By Dr. Eric Shoars, author Women Under Glass: The Secret Nature of Glass Ceilings and the Steps to Overcome Them
When I began researching glass ceilings there were questions as to why a man was tackling the issue of in the first place. After all, this is a women’s issue, isn’t it?
My personal reason for supporting women breaking glass ceilings is very simple. My mom was part of the first all-women insurance sales team in Iowa for American Mutual Life in the early 1960s. Her career aspirations were thwarted due to factors related to the glass ceiling. Mom is 82 now and the question “what might have been” often comes to mind when I think of how far my mom’s career could have gone if not for the artificial barriers that held her back.
Now, as I look at my step-daughter, nieces, and great-nieces, I don’t want to have to look at their careers and ask, “What might have been?” But that’s me. Why, then, should other men take up the cause? Quite simply, it is in the best interests of our economy and our society to do so.
Half of the Talent
Talentship is a prime concern for many industries. In this economy every company needs to make sure its best and brightest people are contributing to the organization’s long-term growth and success. Will that really happen when we’re voluntarily choosing to keep half of our best talent on the bench? 73% of male CEOs believe that the glass ceiling is no longer a problem for women, while 71% of women trying to break through the glass ceiling said it is.
We, as men, need to get other men – particularly executives – to wake up and realize that just because some women have made it through the glass ceiling doesn’t mean there is currently an equal opportunity for all women to break through.
It is foolish to think that men have a monopoly on the solutions to the critical challenges facing our businesses not only during a recession but also competing in a global economy. According to a recent Washington Post article, accounting giant Ernst & Young argued that companies with more women in senior management roles make more money. Reporters Katty Kay and Claire Shipman write, “Pepperdine found that Fortune 500 firms with the best records of putting women at the top were 18 to 69% more profitable than the median companies in their industries.” At least a half dozen studies document a clear relationship between women in senior management and corporate financial success.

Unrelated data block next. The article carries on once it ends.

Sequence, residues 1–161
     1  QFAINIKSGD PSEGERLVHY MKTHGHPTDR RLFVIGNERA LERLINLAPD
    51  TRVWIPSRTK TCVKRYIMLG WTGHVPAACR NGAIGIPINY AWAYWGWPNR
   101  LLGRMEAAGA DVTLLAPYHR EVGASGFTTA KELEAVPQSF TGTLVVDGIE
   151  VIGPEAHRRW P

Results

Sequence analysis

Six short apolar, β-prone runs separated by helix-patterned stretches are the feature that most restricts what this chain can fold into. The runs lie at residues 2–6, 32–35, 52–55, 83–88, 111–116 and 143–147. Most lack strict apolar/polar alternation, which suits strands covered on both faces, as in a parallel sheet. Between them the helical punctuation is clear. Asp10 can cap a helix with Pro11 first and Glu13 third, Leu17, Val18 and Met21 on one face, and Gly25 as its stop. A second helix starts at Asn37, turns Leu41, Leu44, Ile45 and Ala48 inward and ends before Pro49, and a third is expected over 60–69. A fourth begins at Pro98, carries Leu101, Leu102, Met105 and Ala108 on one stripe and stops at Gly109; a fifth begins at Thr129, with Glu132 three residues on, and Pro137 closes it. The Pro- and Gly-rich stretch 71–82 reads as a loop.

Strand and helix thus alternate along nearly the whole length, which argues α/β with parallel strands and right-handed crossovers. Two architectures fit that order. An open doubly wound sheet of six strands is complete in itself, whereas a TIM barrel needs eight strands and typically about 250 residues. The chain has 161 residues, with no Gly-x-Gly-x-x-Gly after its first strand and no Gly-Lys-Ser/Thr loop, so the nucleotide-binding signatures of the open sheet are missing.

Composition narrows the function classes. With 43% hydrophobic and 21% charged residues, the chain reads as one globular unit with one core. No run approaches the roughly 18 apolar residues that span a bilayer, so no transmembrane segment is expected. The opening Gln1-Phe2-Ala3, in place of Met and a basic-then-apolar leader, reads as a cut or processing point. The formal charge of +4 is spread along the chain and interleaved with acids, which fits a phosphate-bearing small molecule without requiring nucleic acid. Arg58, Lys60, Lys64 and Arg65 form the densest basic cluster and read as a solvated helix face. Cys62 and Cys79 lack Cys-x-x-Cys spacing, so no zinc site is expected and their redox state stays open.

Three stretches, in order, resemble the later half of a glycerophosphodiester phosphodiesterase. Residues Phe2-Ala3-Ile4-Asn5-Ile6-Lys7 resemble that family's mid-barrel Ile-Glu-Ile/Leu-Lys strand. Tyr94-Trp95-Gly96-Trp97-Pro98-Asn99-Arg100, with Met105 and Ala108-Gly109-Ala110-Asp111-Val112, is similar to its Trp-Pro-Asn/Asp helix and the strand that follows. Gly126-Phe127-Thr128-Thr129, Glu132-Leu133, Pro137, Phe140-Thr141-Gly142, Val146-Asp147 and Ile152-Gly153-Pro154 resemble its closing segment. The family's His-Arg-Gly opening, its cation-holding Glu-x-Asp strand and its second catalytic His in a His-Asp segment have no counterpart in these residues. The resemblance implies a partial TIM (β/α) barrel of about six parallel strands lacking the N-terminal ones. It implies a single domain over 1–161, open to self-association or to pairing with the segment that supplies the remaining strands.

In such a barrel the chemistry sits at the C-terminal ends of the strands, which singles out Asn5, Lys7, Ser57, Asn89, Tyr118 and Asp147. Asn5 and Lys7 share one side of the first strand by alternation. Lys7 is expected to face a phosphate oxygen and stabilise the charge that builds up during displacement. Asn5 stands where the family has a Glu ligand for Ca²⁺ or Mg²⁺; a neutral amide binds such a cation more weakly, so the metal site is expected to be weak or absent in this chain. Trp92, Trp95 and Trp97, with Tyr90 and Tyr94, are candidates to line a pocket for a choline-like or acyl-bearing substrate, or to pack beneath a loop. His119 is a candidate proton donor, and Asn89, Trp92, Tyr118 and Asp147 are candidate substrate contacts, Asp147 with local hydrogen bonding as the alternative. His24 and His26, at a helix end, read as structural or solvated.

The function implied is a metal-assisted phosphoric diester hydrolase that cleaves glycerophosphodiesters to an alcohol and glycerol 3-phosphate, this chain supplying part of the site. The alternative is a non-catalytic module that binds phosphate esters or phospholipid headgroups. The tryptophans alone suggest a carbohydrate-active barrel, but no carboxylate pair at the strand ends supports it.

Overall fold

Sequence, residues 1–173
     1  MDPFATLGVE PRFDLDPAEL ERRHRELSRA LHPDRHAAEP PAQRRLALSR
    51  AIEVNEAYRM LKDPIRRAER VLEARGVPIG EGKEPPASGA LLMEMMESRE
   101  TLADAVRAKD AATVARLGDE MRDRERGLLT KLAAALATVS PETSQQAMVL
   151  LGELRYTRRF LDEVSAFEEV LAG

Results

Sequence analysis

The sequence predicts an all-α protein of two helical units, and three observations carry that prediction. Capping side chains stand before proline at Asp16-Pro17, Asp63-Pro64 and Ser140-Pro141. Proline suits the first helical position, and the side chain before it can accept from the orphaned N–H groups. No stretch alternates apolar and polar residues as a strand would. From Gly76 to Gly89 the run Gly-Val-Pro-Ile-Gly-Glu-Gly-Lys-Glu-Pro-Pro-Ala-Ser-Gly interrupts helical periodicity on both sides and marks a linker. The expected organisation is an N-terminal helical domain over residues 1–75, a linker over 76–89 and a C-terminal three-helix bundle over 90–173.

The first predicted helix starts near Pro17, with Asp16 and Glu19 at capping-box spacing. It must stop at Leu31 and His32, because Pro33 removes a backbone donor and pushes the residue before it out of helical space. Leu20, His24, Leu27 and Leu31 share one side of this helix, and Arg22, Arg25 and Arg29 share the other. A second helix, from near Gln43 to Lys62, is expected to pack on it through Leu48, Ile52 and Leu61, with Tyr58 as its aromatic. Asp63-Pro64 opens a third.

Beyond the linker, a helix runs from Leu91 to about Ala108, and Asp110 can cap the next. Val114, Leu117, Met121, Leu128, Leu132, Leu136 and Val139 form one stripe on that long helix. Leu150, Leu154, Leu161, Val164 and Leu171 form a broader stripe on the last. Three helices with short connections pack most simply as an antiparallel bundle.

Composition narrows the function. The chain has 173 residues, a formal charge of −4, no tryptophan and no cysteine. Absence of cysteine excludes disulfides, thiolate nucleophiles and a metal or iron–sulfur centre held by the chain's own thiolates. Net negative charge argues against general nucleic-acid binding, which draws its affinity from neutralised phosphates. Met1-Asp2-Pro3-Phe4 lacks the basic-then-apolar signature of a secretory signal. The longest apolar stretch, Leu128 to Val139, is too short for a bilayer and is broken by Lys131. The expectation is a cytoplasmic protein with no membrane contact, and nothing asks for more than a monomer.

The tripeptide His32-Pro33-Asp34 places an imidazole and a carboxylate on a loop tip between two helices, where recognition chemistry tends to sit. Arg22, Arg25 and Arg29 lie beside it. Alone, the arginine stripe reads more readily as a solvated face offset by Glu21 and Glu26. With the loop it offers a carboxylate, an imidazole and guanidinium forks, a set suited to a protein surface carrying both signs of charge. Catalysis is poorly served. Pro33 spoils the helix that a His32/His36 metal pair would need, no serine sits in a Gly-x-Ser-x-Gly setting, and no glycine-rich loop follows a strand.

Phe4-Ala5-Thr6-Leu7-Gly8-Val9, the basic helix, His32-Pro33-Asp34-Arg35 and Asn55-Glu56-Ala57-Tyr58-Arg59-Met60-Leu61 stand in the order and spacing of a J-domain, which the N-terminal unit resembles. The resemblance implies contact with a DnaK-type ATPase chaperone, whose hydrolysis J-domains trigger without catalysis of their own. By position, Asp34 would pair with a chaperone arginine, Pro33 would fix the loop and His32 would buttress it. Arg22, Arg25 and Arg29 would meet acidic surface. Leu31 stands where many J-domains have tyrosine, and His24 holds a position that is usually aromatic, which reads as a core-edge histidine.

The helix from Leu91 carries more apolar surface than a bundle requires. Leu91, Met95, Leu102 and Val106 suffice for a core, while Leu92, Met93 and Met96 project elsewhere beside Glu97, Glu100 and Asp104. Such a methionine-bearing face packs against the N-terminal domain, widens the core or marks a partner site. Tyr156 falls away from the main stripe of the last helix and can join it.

Are you getting the message, gentlemen?
Social Change: Equality of Opportunities
Social change requires the disadvantaged group and a core faction of the advantaged group form coalitions to bring an end to inequality and injustice. Women’s suffrage, civil rights, and Apartheid are just three examples of this dynamic. However, in all aspects of our society, men should not be seen as the standard against which women are to be measured for equal justice. The standard for measurement should be what is moral, just, and within the letter and spirit of our laws.
Equality does not mean equality of outcomes; it means equality of opportunities. Women currently aren’t on a level playing field with men for those opportunities. There needs to be a core group of us to decide we’re not putting up with women’s inequality any longer. We need to partner with women and change history. Look at where we stand at this moment in time: The Center for American Women and Politics at Rutgers University reported that eight women served as governors in 2009; same as 2008. 24 percent of women served in statewide elective office in 2009, down from 28 percent in 2000. The U.S. Senate has 17 female members. There are ten female House members. The class of 2008 includes less than half the number of women who first won office in 1992 – the so-called “year of the woman.” A record number of women are serving in Congress, but still only 17 percent of its members are female. This puts America on the same level of representation women have achieved in sub-Saharan Africa, Latin America, and the Caribbean. A United Nations tracking group estimates it will take women 40 years to reach parity with men.
In 2050, my step-daughter will be 59, my nieces will be 70 and 65, and my great-nieces will be 48, 43, and 41. The prospect of looking at them and thinking “what might have been” is one I’m not willing to tolerate.
We as men need to examine how we benefit when both men and women compete in the marketplace of ideas at the highest levels of our businesses and society. It is important to recognize that no good comes from leaving half of our best talent and minds on the sidelines. We must become champions and advocates for our best and brightest, regardless of gender. Men benefit from the excellent support women have historically given us. Men, it’s time to step up and support women.